A salesperson, in any brick-and-mortar store, is adept at judging if a particular customer has arrived with a genuine intent of buying or not. Appropriately, he approaches him, aligns his pitch with the customer’s persona and ensures a sale.
Ecommerce, the virtual store, is a different ball game.
There are no sales guys and zero face time with the customer. Hence, no scope to study buying signals. However, customers still reveal a lot through their ‘digital’ body language – browsing, clicking, scrolling, filtering, etc.
Identifying a pattern in their behavior, and leveraging it is not an uphill task. In fact, there are some specific kinds of online visitors any ecommerce website usually gets. The infographic below will describe you various visitors that as an ecommerce store you will receive. Plus, their digital body language, their whole journey of shopping.
Courtesy of: Targeting Mantra
1 The Wish Lister
The online avatar of a window shopper
He dedicates considerable time and effort to carefully select items, but leaves without buying anything. Why? Affordability issues. Having an online cart that they don’t have to buy, forever holding their desired items, serves as a consolation for the fact that they cannot buy them, only own them virtually.
How to trigger a purchase: Make it happen with a delightful Surprise discount.
2 The Hesitant Twins
The Underconfident & The Maximizer
They can afford to buy, and would do everything required for a purchase, from account creation to finalizing item specifics, but would take significant time to hit the “checkout” button. Out of their fear of making a bad decision, they second-check all items, even their alternatives. All this due to an abundance of choice.
While a maximizer is focused on making the absolute most out of a product, the underconfident is paralyzed by the fear of a bad decision.
How to trigger a purchase: Do away with such anxiety with positive affirmations and feedback on the customer’s journey, make him feel secure about his decision. Also, limit the number of options for each product.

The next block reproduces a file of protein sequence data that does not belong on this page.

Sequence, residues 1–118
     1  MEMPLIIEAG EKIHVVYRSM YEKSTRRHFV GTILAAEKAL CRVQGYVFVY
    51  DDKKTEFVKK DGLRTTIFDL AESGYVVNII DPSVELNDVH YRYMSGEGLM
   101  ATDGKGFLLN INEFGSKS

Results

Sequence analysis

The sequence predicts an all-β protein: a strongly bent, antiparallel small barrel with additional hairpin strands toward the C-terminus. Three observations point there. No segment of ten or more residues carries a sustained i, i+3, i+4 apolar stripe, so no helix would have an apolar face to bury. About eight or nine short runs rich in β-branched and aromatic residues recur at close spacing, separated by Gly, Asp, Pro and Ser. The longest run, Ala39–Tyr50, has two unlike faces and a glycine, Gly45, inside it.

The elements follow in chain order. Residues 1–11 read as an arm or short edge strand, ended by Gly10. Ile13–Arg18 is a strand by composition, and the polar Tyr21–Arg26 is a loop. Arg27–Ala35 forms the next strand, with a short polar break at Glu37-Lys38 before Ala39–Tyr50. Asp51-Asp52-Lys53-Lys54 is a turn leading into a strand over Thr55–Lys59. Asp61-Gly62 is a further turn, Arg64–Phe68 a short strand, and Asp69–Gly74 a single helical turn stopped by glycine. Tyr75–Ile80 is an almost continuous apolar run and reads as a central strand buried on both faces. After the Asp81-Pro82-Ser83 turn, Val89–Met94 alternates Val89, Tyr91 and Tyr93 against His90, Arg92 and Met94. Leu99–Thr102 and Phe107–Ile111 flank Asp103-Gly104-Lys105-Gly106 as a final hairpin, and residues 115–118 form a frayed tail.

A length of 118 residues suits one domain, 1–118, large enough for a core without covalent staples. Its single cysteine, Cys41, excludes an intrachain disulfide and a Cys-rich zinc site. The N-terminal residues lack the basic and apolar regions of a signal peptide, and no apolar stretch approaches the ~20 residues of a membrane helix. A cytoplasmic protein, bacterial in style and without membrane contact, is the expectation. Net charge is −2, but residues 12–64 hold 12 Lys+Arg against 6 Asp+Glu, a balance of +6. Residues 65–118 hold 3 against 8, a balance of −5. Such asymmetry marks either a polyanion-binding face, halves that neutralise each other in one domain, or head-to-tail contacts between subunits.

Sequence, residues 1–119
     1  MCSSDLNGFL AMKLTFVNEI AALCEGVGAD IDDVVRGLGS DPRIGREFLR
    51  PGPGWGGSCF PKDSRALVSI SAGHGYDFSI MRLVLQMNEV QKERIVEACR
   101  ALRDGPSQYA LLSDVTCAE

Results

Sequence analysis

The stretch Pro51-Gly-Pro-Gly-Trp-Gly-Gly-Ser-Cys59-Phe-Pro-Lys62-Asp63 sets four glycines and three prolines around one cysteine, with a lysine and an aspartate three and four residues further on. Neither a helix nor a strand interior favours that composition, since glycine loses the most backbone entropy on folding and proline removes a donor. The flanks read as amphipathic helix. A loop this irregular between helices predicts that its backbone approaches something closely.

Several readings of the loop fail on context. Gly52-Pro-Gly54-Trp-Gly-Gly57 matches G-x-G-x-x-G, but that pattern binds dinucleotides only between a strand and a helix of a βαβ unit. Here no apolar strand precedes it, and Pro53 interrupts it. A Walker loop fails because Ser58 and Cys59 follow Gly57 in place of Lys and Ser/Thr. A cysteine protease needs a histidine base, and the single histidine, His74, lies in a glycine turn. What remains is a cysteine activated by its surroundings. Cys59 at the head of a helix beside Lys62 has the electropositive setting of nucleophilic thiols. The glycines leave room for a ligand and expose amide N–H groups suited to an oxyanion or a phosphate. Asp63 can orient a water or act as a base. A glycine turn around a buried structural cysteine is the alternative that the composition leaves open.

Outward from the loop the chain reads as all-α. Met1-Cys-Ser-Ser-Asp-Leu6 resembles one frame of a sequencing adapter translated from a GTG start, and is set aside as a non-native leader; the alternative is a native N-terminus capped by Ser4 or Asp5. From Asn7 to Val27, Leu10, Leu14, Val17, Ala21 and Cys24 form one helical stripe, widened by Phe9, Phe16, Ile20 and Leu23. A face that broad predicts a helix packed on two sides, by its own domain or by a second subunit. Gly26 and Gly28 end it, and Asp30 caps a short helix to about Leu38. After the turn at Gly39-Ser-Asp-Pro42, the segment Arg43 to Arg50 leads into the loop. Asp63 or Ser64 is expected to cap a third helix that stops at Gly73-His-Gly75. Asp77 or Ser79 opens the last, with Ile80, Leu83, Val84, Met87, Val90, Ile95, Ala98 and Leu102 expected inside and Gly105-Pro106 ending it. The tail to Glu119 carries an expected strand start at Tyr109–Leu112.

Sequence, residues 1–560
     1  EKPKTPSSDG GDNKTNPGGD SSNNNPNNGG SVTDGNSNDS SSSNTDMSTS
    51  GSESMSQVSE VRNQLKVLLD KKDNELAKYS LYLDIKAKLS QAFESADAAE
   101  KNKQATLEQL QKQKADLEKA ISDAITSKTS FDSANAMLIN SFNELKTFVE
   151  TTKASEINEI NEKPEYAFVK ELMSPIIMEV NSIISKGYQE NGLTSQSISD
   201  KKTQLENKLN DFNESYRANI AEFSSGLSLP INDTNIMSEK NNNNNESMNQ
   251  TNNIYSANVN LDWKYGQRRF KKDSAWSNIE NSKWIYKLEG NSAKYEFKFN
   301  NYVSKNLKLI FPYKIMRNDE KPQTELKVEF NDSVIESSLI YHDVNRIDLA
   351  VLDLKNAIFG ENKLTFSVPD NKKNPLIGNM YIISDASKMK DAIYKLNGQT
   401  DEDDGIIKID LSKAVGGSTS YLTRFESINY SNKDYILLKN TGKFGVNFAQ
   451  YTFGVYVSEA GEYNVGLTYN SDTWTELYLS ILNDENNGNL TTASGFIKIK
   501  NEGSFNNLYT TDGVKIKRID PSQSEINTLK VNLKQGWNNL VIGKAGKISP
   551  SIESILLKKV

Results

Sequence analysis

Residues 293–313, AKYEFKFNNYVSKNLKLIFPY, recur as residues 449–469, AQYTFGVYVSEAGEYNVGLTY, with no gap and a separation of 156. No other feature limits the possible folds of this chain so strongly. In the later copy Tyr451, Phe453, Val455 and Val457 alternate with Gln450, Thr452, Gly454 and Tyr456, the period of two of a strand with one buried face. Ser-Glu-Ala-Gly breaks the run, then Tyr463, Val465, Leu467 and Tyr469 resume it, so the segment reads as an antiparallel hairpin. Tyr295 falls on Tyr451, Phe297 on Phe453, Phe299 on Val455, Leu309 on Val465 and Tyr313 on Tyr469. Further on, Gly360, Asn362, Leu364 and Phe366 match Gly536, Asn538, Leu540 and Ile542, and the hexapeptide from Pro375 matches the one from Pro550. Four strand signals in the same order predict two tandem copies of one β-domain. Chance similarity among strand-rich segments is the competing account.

3 The Passionate Purchaser
Our very own Impulse Bulk buyer
Being a spontaneous bulk buyer, he is the most welcomed soul in any store. All he cares about is staying on the forefront of trends. Filters are not his go-to. He jumps directly to the “what’s hot” category dedicating all his time fondling with the product. Emotional gratification of owning a trendy product is what compels him to buy. Colors and accessories take precedence over functionality.
How to trigger a purchase: Tap on the factor of “emotional gratification” by displaying captivating large product images and hiding any (interfering) details under tabs.
4 The Busy Twins
The Rational Visitor & The Satisficer
They are the ones who would “exploit” your filters to drill down options leaving only those that best meet their criteria. The remaining ones are then “cost-benefit” analyzed to make an “informed” decision. Scrolling, browsing, etc. are all activities that waste their precious time.
Out of these two, it is the Satisficer who is more chilled out but simultaneously more time-crunched, and hence, picks the first item that meets his criteria and buys it instantly. The other twin, however, devotes more time in analyzing all available options.
How to trigger a purchase: Support their decision making in the right way. Strengthen filters and get creative with product listings. Segregating items also by mood, utility, or occasion would take you a long way with the twins’ loyalty.
Remember, a unique product is sufficient to qualify its visitors. Only those who have the intent of buying it would arrive. But when you are one of many websites selling similar products, a human touch becomes indispensable.
This human touch is customization of results by understanding of psychology and digital body language of the visitor. Arm yourself with such insights next time a visitor arrives at your store.
Special thanks to:
How to Psychologically Segment Customers By Persona Baiting
How to Increase Conversion Rates by Building Customer Personas